I called the store and identified myself as a reporter. After confirming the accuracy of the photo, I was told that both my theory on Obamacare and guns were wrong and someone from management would call if they had further comment. I'm not holding my breath for that phone call and Democrats may not want to hold theirs lest their faces turn blue long before Texas does. Just this month 3 elected officials from Jefferson County have switched parties from Democrat to Republican.
That represents a shift the area has seen over the last few election cycles. In the past the area has been pro-labor and reliably Democrat but never socially progressive. Still, with a growing student population and art community it remains one of the state's of greatest potentials for adding Democratic votes with some training and outreach efforts. I know because I helped to hold the line as Executive Director of the Jefferson County Democratic Party and after I left, I saw several seats over the next couple of cycles change hands to the Republicans. I know the story and I see what grassroots groups are doing online back home to put Texas back on a path to progress.
If you want to make change, putting your money where your mouth is is always a good start. One caller told me when the employee blamed Obama for their store being closed on Saturday that she replied, "well I won't be shopping there Mon - Friday then."
It has been a year since President Obama signed an executive order protecting DREAM Act-eligible youth from being deported. The order instructed the Department of Homeland Security not to deport undocumented immigrants that arrived in the United States before the age of 16, lived in the country for five years, and are enrolled in school or are military veterans.
In its first year, 58% of those estimated eligible for the Deferred Action for Childhood Arrivals (DACA) have applied. According to a Brookings Institution study released last Wednesday, more than 557,400 DREAMers have applied for deportation relief as of June 2013. Approximately 74 percent -- more than 400,000 DREAMers -- have had their applications accepted, with additional cases pending review. Overall, only one percent of applicants have been denied.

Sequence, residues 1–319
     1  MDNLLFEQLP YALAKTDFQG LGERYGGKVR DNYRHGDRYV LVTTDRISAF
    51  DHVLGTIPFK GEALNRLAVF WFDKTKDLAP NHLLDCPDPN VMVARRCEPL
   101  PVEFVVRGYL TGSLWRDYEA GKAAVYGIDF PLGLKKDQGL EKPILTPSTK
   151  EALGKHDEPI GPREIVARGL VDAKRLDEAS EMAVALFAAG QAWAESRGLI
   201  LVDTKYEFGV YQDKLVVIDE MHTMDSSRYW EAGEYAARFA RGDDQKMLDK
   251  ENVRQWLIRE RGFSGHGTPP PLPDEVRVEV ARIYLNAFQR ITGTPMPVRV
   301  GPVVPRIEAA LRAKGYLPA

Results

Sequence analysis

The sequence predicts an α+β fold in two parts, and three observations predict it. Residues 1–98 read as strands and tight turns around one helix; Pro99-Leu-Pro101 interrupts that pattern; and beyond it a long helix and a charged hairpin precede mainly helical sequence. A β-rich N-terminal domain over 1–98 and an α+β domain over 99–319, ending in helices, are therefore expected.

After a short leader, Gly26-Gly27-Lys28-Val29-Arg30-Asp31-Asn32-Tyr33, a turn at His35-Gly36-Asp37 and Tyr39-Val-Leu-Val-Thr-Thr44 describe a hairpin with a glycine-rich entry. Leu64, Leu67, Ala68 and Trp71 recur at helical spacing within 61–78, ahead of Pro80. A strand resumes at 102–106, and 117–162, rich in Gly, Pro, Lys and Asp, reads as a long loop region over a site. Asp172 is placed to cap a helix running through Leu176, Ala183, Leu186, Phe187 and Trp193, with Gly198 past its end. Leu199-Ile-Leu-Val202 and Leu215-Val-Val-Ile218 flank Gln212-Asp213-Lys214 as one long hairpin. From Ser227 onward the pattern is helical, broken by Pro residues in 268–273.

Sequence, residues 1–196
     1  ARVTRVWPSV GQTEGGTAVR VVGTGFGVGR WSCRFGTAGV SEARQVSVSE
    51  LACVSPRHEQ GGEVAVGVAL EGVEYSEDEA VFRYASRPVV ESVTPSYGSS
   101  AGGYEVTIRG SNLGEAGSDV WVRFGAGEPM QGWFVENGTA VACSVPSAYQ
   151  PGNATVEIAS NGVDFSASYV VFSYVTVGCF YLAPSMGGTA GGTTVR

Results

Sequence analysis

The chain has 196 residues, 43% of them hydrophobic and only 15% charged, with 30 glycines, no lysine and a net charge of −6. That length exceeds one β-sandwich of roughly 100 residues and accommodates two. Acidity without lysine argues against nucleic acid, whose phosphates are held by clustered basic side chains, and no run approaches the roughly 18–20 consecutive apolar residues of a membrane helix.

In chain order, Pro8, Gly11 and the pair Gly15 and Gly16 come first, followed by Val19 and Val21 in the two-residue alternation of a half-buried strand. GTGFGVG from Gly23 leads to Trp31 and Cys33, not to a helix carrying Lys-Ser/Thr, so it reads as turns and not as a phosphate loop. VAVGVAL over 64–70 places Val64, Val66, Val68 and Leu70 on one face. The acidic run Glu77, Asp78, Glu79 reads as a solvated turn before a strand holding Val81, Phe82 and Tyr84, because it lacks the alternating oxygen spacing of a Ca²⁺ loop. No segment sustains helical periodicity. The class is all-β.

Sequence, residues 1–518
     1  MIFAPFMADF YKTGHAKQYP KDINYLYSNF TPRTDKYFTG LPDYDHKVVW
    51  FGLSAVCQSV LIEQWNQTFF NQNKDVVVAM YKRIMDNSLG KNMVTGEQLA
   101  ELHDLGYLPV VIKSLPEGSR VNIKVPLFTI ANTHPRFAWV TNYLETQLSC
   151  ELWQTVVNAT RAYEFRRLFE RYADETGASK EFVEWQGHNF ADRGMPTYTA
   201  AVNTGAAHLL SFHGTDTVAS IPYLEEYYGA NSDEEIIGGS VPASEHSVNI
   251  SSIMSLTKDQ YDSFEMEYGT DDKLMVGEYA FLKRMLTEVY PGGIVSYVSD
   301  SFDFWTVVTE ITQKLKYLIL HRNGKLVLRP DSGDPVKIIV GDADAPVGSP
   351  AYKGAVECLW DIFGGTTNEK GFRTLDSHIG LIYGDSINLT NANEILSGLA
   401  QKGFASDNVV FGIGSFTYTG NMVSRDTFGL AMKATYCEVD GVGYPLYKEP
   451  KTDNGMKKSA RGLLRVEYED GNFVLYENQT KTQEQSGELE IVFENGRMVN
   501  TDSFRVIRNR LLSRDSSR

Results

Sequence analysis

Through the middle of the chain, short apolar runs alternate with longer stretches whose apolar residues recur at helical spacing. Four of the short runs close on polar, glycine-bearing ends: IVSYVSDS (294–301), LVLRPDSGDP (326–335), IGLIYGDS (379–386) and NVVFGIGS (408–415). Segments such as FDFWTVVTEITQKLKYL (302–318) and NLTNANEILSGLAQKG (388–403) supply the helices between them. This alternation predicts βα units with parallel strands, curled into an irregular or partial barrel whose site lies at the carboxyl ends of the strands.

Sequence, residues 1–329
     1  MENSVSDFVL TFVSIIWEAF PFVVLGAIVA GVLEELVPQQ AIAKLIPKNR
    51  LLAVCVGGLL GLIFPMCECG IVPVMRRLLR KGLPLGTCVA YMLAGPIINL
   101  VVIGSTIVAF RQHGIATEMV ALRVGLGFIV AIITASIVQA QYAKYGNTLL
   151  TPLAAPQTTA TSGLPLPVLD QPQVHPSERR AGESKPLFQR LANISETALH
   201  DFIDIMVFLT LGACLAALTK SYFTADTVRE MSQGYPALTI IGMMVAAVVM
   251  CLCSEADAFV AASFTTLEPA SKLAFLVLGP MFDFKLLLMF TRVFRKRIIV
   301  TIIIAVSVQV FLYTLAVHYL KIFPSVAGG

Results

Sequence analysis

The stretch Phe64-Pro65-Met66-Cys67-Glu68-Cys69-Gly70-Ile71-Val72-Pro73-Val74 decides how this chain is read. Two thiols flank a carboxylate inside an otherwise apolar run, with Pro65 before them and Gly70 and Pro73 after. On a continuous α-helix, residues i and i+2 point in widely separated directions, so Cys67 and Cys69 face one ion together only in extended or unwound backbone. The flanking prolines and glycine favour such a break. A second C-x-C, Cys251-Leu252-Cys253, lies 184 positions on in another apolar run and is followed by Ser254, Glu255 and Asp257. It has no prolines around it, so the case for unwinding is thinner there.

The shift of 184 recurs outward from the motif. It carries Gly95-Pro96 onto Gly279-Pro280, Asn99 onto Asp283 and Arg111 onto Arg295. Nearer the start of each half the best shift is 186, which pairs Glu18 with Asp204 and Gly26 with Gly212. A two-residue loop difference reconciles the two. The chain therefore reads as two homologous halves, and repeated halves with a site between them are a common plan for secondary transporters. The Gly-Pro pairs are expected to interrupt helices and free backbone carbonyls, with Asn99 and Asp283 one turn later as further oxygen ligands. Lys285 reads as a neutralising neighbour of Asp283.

United We Dream has even introduced a "Pocket DACA" mobile app:
But with all these recent steps being taken, why does the Obama administration continue setting new records for deporting people?
East Texas, we have a problem. Years after national headlines over James Byrd's dragging in Jasper, a series of unrelated high profile events have kept the region's reputation of racial intolerance alive and well.
John Craft, an assistant U.S. Attorney in the criminal justice division of the Eastern District of Texas, posted derogatory comments about Trayvon Martin and President Obama in a private facebook group. In reference to Stand Your Ground laws Craft wrote:
How are you fixed for Skittles and Arizona watermelon fruitcocktail (and maybe a bottle of Robitussin, too) in your neighborhood? I am fresh out of "purple drank." So, I may come by for a visit. In a rainstorm. In the middle of the night. In a hoodie. Don't get upset or anything if you see me looking in your window...kay?"
Read the response by the U.S. Attorney's office below the jump...
Seems like immigration reform has finally grown on Republicans.
Research by GOP pollster, Whit Ayres, showsmore than two thirds of Republicans support immigration reform, including providing a pathway to citizenship for the estimated 11 million undocumented immigrants currently living in the country. Indeed, Republicans want to see something done.